Just as the colonists in colonial America felt like they were being unfairly targeted and oppressed by the British government, legal cannabis businesses in the US today feel like they are being unfairly targeted and oppressed by federal laws and regulations. They are being denied the same opportunities and protections that other businesses enjoy, and they are being forced to operate in an unfair and unlevel playing field.

By highlighting the striking similarities between the colonists' lack of representation in colonial America and the current lack of representation for legal cannabis businesses, we can raise awareness of this significant issue and advocate for change. Whether through proactive lobbying efforts aimed at improving legal cannabis businesses' representation or by advocating for changes to federal banking laws, concerted action is required to create a more equitable and just system for all stakeholders involved.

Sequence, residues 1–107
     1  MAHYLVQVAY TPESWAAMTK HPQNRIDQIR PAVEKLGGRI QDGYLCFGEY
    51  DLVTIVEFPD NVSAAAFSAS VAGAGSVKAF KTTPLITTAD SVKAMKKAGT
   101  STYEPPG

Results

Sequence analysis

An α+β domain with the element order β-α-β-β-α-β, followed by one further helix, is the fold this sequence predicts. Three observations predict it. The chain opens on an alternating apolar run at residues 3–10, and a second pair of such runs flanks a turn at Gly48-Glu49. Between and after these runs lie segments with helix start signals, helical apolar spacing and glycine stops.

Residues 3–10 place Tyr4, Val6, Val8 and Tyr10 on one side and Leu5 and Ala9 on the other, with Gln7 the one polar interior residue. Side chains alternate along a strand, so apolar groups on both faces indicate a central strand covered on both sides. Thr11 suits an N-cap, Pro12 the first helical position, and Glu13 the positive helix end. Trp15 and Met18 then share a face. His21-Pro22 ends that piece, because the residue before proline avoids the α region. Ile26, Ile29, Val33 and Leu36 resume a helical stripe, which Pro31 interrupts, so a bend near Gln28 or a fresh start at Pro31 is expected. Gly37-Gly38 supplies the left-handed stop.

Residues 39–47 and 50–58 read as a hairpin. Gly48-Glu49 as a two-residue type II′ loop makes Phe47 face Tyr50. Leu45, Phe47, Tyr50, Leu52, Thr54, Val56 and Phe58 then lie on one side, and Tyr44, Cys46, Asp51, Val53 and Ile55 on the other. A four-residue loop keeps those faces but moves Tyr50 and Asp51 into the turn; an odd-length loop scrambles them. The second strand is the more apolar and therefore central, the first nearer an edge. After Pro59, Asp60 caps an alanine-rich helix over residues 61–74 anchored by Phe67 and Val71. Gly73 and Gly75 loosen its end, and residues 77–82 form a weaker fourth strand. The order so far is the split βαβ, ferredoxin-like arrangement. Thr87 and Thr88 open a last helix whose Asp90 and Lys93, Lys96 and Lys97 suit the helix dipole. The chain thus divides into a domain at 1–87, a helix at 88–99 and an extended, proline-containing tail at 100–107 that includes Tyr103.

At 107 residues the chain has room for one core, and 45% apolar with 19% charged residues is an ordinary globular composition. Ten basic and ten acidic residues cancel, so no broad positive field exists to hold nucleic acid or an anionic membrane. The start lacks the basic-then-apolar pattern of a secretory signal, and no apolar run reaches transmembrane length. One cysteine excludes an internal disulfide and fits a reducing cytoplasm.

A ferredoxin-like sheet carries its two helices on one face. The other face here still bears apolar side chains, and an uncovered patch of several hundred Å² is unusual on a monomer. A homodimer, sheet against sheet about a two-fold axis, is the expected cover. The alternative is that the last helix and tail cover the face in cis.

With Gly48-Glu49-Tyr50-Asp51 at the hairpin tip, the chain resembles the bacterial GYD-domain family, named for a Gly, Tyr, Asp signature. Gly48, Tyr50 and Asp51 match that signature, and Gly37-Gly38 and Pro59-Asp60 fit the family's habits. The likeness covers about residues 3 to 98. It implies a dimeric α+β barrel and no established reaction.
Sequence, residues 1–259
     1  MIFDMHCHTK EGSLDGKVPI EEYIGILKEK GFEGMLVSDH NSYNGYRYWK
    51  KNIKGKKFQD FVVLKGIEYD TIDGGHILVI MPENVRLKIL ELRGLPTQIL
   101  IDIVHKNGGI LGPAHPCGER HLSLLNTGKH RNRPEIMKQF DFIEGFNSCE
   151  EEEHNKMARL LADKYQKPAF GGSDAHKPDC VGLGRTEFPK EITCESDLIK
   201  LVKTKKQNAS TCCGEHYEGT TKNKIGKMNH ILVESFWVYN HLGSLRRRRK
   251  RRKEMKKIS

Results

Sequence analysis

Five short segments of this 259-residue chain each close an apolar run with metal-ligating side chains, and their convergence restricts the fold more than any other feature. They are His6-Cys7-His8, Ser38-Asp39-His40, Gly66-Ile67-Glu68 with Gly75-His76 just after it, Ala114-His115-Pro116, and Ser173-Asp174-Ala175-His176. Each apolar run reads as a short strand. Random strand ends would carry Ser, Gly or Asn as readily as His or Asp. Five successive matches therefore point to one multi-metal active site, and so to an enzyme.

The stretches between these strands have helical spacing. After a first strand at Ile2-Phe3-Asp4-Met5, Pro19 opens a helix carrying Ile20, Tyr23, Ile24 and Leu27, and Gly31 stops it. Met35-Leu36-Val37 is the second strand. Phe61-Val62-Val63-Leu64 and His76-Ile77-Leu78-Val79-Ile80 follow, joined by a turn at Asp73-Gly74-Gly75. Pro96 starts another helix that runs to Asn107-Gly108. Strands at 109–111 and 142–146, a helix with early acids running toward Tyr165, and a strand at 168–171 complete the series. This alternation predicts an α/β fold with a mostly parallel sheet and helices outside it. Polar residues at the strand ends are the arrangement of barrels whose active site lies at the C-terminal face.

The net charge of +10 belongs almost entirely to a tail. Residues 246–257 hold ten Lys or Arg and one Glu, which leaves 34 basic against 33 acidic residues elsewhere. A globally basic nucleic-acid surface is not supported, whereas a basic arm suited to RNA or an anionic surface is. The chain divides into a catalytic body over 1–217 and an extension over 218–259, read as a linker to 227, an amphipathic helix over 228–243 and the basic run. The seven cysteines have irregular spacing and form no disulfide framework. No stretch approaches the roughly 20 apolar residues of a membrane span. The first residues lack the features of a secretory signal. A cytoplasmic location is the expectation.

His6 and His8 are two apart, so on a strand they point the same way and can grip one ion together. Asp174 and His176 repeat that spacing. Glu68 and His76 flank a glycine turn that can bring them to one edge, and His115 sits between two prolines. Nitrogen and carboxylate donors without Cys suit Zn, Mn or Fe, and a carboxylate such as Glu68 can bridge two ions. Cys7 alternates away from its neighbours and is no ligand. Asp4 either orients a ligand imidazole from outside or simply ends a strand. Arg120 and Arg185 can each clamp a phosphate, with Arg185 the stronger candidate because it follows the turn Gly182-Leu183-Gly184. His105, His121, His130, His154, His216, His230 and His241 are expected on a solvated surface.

This lack of protection leaves legal cannabis businesses burdened with a significant tax obligation. Without access to traditional banking services, these businesses operate almost entirely in cash, making them vulnerable to theft and other criminal activities. Additionally, this circumstance complicates their ability to pay taxes and adhere to other regulatory requirements.

Legal cannabis businesses in the US are facing a challenging and intricate situation, with many complexities involved in maintaining an ambiguous legal status. Unfortunately, this situation has only improved the positions of attorneys who create law firms that "represent" these businesses, providing services to "interpret" the gray areas. This ultimately benefits them, as when a business is on the brink of collapse under the pressure of the legal entity, they are offered a lifeboat in the form of "partnership," allowing the authors of ambiguity to establish themselves on the backs of the legacies that create this industry, all while maintaining advocacy.

The reality is that without federal legislation to protect them, the industry will continue to operate without proper regulations or safeguards. The government is cherry-picking which legal cannabis businesses can participate, benefiting from taxation without taking responsibility for their protection. This is reminiscent of the colonial era taxes on tea, where the government enjoyed taxation benefits but did not protect the people.